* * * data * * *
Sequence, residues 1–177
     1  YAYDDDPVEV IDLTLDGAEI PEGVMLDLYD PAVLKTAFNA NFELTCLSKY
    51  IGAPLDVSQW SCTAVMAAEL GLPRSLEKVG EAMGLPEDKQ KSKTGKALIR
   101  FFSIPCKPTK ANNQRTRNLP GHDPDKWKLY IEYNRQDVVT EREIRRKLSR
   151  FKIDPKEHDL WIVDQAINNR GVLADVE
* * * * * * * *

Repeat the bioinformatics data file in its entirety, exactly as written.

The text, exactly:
Sequence, residues 1–177
     1  YAYDDDPVEV IDLTLDGAEI PEGVMLDLYD PAVLKTAFNA NFELTCLSKY
    51  IGAPLDVSQW SCTAVMAAEL GLPRSLEKVG EAMGLPEDKQ KSKTGKALIR
   101  FFSIPCKPTK ANNQRTRNLP GHDPDKWKLY IEYNRQDVVT EREIRRKLSR
   151  FKIDPKEHDL WIVDQAINNR GVLADVE